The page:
Women are more than twice as likely as men to get panic attacks, but researchers aren’t entirely sure why that disparity exists.

Can PTSD Cause a Panic Attack?

 Yes. PTSD can indeed cause panic attacks. The heightened state of stimulation created by PTSD can create other stresses and anxiety leading to the onset of a panic attack. The trauma experienced during the initial event becomes ingrained in the individual’s psyche. It manifests in sudden, intense episodes of panic when triggered by intrusive thoughts or memories.

However, it’s important to note that the relationship between PTSD and panic attacks is nuanced and varies from person to person. While some individuals with PTSD may experience occasional panic attacks, others may not experience them at all. Factors such as individual resilience, coping mechanisms, and the nature of the traumatic event contribute to this variability.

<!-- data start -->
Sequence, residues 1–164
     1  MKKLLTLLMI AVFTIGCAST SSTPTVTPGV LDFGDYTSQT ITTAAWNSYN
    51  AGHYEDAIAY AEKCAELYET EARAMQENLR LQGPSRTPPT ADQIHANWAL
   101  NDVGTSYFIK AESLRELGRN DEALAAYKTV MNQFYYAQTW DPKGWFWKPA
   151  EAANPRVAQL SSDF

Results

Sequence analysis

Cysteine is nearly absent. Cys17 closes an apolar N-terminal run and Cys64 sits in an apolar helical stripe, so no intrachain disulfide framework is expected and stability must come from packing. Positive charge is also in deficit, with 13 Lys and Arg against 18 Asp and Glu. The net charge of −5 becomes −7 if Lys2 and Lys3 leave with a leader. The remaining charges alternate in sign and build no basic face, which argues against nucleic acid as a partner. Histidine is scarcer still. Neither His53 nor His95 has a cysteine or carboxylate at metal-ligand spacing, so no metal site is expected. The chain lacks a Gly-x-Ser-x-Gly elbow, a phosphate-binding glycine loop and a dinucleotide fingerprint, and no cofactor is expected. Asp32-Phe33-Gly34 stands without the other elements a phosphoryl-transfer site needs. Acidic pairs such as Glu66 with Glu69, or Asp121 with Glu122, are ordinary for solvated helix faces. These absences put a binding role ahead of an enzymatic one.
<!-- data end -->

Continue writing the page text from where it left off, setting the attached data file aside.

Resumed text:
Many people with PTSD get a service dog to help with the negative effects of the disorder. A PTSD service dog is trained to know when a panic attack is arising, and it can help ease the person’s physical response.

PTSD Counseling Can Help

The intensity, duration, and frequency of PTSD symptoms vary greatly. That’s why it’s important to see a PTSD therapist for evaluation. They can assess the level of disruption you’re experiencing. Complex PTSD symptoms can impact your ability to function in everyday life and contribute to destructive behaviors like substance abuse.

Inpatient or an intensive outpatient treatment program at a PTSD treatment center may be the best route. Studies show trauma-focused treatment that includes therapies such as cognitive processing therapy (CPT), prolonged exposure (PE), and trauma-focused cognitive behavioral therapy (CBT) can significantly reduce PTSD symptoms.